From 1985 to 1987, according to the counterclaim, Cecconi "caused Cecco, Marcene's, and Beppe to transfer assets belonging to them to his wholly-owned companies Donabbondio and Eleonora." As alleged in the counterclaim, Cecconi transferred inventory valued at $56,867 to the two new companies and also caused Cecco, Beppe, and Marcene's to pay certain obligations amounting to $49,810 on behalf of the two new companies. These transfers of assets were recorded in an intercompany account, and, allegedly, "Donabbondio and Eleonora have never paid the amounts owed per the balance in the intercompany account."
In 1985, Cecconi also formed a new corporation called Nassi, Inc. ("Nassi"). Nassi handled the common overhead expenses of advertising, supplies, bookkeeping, insurance, and telephone expenses for the different "Benetton" stores. According to the counterclaim, Cecconi caused Nassi to provide overhead expenses to Donabbondio and Eleonora without reimbursement. As alleged, the allocable share of overhead expenses owed to Cecco, Beppe, and Marcene's is approximately $150,000.
Finally, as alleged in the counterclaim, Cecconi sold all the assets and inventory of the Watertown and Newton "Benetton" stores to a third party leaving Donabbondio and Eleonora insolvent.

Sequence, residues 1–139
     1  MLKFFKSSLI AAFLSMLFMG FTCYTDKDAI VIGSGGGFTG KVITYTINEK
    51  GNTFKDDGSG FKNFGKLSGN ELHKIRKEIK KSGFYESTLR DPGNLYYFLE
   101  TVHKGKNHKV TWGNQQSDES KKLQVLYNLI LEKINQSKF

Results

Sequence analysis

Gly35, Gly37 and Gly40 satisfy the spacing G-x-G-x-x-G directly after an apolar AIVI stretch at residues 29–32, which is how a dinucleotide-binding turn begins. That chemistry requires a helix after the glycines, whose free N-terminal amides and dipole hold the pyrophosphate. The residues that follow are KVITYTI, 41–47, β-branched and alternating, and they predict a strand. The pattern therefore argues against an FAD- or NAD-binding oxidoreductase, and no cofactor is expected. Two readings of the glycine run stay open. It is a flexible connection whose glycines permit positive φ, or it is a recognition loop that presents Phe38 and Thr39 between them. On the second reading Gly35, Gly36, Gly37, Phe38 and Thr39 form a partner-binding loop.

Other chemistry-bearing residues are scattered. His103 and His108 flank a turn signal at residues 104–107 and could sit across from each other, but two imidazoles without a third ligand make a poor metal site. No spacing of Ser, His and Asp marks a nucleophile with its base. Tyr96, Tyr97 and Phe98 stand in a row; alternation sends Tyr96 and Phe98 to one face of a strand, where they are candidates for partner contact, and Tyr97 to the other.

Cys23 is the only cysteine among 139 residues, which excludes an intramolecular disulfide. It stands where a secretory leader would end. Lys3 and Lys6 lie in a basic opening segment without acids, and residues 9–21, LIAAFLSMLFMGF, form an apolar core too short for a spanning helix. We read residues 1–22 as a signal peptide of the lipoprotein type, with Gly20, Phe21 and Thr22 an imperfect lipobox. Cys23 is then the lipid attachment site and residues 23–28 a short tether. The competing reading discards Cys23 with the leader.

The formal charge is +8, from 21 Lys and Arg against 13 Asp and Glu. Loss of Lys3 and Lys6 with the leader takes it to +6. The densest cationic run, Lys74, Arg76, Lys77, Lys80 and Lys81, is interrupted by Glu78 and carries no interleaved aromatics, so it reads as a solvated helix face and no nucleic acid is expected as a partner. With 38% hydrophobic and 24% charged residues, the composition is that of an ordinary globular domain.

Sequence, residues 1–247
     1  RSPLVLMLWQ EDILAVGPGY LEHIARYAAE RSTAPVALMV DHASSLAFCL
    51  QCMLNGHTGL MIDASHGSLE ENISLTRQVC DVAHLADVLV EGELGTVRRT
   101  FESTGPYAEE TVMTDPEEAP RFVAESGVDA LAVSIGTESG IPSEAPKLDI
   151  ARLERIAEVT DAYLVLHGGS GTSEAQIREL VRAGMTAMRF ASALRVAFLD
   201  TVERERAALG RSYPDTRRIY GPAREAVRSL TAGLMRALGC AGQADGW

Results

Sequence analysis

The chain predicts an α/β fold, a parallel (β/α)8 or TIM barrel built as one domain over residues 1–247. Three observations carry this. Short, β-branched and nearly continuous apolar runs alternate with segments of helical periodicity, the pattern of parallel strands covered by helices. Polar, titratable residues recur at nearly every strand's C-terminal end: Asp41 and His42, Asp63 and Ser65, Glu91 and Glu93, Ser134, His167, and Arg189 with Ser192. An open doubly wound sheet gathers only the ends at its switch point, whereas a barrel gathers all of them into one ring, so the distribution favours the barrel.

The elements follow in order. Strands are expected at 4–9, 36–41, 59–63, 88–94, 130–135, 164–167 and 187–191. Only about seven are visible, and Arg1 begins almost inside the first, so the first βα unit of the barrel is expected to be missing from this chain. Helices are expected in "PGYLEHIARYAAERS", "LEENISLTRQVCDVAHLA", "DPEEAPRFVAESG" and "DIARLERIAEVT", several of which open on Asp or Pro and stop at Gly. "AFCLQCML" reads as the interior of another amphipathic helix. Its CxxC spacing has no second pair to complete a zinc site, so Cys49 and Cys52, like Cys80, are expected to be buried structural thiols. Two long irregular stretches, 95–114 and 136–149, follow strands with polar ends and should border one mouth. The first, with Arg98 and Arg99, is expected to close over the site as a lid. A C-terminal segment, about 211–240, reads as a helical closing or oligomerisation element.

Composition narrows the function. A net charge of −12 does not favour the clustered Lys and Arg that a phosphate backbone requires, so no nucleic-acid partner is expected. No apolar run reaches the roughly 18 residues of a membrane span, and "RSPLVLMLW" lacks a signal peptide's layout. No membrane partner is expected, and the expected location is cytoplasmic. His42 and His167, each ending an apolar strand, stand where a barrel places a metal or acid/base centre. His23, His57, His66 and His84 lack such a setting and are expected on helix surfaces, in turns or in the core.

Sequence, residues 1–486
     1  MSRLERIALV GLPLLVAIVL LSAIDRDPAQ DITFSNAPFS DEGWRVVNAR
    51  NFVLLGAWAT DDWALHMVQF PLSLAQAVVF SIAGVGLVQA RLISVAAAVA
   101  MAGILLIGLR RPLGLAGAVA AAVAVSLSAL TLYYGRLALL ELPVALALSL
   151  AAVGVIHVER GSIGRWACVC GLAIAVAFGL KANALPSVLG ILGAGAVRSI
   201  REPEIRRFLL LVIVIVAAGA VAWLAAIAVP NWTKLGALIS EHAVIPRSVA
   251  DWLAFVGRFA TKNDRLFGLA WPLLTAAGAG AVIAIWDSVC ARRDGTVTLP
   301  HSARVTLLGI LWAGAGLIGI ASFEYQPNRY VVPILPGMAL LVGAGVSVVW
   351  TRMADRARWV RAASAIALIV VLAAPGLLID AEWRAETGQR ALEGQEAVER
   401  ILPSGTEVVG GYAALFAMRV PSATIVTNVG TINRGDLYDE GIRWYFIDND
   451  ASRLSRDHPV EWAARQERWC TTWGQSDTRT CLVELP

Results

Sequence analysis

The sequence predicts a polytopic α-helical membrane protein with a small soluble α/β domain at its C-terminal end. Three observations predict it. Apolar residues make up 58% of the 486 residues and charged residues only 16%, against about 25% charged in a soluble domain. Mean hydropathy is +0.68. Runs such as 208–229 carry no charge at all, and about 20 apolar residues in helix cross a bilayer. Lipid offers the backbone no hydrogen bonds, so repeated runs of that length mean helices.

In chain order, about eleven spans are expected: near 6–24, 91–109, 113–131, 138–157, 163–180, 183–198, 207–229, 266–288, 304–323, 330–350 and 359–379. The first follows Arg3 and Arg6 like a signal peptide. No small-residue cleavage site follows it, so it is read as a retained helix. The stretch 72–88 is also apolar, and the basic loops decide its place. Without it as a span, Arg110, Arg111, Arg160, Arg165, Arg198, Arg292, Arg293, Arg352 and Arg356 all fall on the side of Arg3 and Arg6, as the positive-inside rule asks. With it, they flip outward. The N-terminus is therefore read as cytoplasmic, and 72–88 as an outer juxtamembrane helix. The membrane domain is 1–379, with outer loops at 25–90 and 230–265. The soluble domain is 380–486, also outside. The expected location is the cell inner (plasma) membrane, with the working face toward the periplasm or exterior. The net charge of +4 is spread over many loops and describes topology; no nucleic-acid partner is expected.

Based on these allegations, the defendant corporations claimed that "Cecconi is liable under M.G.L. c. 156B § 62 for the amounts owed to Cecco, Marcene's, and Beppe by Donabbondio, Eleonora, and himself." Further, the defendant corporations alleged that "Cecconi's appropriation of the assets of Cecco, Marcene's, and Beppe for his personal benefit breached his fiduciary duty to Cecco, Marcene's, and Beppe."
The plaintiff Cecconi has moved to dismiss the counterclaim arguing that it fails to state a claim upon which relief can be granted. Fed.R.Civ.P. 12(b) (6). In deciding this motion, the Court must accept the factual allegations set forth in the counterclaim as true and must draw all reasonable inferences in favor of the defendants Cecco, Beppe, and Marcene's. Correa-Martinez v. Arrillaga-Belendez, 903 F.2d 49, 52-53 (1st Cir. 1990); Dartmouth Review v. Dartmouth College, 889 F.2d 13, 16 (1st Cir.1989). Further, the counterclaim should not be dismissed unless it appears beyond doubt that the defendants Cecco, Beppe, and Marcene's can prove no set of facts which would entitle them to relief. Conley v. Gibson, 355 U.S. 41, 45-46, 78 S. Ct. 99, 101-02, 2 L. Ed. 2d 80 (1957); Dartmouth Review, 889 F.2d at 16. In light of these standards, this Court shall turn to the allegations in the counterclaim.